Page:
On Heavenly Sex

The Question: I believe that whether a soul ends up in Heaven or Hell, that is where it will remain through all eternity. Since Hell is a place of punishment, I doubt that any affection-based relationships will be formed there. But what about Heaven? Will families be re-united there? Will those who were husband and wife on earth enjoy a sexual relationship?

The Response: There can be no doubt that God created Adam and Eve and commanded them to "Be fruitful, and multiply, and replenish the earth" (Genesis 1:28). Whether that command applies in Heaven is something I will examine farther down the page. First, however, I think that it would be interesting to look at the way one secular apologist understands the issue.

Peter Kreeft is a Catholic apologist, professor of philosophy (at Boston College) and author of several books. He is a philosopher, so it is not unexpected that he would philosophize over matters of his faith. I do wonder, however, how well philosophy, which I consider to be of secular origin, melds with religion, which is supposed to be spiritual in origin. On his web site, I ran across an article entitled Is There Sex in Heaven?. In this article, Kreeft uses four philosophical principles to explain what sex is.

Kreeft says that sex is something you are, not what you do. In other words, he relates sex to gender identification; not to an act. In speaking of a hypothetical book called The Sexual Life of a Nun, Kreeft writes:

, , , it is a perfectly proper title: all nuns have a sexual life. They are women, not men. When a nun prays or acts charitably, she prays or acts, not he. Her celibacy forbids intercourse, but it cannot forbid her to be a woman.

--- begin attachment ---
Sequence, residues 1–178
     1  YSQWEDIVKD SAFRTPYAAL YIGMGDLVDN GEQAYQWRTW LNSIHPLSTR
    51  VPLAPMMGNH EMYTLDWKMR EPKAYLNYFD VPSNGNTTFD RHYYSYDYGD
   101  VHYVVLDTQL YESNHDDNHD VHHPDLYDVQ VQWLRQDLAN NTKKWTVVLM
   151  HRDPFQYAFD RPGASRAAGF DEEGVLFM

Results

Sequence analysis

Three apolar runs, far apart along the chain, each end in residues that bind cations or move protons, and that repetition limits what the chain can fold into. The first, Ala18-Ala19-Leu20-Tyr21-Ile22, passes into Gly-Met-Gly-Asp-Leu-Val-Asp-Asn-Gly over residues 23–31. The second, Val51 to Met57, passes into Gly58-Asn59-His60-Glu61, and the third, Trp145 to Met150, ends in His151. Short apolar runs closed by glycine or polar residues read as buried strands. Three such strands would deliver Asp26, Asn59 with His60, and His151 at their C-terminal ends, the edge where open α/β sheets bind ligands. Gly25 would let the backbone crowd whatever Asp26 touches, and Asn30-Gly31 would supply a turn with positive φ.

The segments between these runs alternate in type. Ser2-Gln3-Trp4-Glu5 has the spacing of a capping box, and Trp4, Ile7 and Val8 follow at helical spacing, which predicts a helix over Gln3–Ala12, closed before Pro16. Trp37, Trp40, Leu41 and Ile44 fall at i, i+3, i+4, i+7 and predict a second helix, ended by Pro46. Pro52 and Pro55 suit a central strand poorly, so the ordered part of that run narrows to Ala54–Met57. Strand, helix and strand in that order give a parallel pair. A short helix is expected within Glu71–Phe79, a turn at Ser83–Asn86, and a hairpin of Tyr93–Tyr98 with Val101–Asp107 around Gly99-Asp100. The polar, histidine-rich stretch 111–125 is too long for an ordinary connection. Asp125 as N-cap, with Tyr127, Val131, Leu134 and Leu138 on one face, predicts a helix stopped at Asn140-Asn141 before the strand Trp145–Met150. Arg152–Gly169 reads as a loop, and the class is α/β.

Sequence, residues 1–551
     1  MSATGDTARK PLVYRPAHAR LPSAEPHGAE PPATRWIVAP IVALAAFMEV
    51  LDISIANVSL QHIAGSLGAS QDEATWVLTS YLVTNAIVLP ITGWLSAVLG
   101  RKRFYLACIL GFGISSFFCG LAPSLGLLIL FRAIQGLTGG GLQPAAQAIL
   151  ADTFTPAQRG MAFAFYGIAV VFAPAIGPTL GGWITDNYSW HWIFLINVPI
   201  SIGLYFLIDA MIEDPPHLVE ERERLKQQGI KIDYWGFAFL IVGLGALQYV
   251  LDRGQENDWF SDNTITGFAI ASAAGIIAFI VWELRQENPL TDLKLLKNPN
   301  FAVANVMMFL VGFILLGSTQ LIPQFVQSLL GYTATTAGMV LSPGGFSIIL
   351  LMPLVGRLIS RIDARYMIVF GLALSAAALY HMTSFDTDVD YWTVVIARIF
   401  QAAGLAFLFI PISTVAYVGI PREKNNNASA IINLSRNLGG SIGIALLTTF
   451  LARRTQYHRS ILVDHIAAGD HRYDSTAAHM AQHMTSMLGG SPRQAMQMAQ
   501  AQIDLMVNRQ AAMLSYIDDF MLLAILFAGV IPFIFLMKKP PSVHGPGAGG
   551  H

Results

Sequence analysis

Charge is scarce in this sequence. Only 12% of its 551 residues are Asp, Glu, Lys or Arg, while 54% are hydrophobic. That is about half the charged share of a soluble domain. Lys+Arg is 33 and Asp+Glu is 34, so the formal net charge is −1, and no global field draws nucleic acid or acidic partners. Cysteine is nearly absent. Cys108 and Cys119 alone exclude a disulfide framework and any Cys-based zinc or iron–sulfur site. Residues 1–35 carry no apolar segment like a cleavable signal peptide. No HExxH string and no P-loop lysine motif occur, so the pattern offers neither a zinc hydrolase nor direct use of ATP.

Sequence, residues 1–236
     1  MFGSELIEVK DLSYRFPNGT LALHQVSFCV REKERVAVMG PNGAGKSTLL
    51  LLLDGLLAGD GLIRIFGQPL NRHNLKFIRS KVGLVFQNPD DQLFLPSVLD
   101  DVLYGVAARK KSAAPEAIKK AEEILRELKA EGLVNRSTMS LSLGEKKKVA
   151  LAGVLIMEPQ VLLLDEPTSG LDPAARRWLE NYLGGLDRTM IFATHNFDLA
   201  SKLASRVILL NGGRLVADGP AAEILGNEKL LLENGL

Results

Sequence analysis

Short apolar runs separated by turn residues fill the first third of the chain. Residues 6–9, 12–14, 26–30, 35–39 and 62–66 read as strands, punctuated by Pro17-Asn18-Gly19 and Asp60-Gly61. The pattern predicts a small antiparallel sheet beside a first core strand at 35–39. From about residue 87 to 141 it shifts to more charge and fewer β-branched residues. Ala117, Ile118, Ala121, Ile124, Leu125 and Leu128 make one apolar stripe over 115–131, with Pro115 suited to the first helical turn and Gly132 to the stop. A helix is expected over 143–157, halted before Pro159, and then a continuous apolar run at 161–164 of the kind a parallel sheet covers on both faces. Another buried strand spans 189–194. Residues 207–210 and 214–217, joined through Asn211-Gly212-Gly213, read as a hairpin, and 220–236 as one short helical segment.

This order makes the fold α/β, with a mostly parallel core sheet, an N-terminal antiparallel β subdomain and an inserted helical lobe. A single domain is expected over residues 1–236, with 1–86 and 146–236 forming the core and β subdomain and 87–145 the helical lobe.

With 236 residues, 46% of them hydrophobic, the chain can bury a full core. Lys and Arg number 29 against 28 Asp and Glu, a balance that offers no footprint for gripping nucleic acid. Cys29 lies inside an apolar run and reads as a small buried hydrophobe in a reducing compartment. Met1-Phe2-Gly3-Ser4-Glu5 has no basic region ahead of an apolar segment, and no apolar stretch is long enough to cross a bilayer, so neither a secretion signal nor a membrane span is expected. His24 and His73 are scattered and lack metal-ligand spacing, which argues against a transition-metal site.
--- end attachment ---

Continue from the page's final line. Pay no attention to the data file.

The counterfeit phrase "having sex" (meaning "inter-course") was minted only recently. Of course a nun "has sex" she is female.

Kreeft makes the point that by turning “having sex” into a physical act we have trivialized the meaning of the phrase. He speaks of how in centuries past the modern view of such a phrase would be unknown. However, I rather doubt that in centuries past folks walked around referring to their gender as “having sex”, or that nuns believed they were “having sex” while praying by virtue of the fact that they were female. While the physical act of intercourse may have been known by different terms in different eras (and in different languages), there no doubt have always been colloquial and slang terms for referring to the act of sexual intercourse.

Kreeft’s second principle deals with the way sex is viewed from the perspectives of chauvinism and egalitarianism.

Both philosophies see sameness or superiority as the only options. It is from this assumption (that differences are differences in value) that the chauvinist argues that the sexes are different in nature, therefore they are different in value. And it is from the same assumption that the egalitarian argues that the sexes are not different in value, therefore they are not different in nature.

It denies neither the obvious rational truth that the sexes are equal in value (as the chauvinist does) nor the equally obvious instinctive truth that they are innately different (as the egalitarian does). It revels in both, and in their difference: vive la difference!

Saint Paul's frequently quoted statement that "in Christ. there is neither male nor female" does not mean there is no sex in Heaven. For it refers not just to Heaven but also to earth: we are "in Christ" now.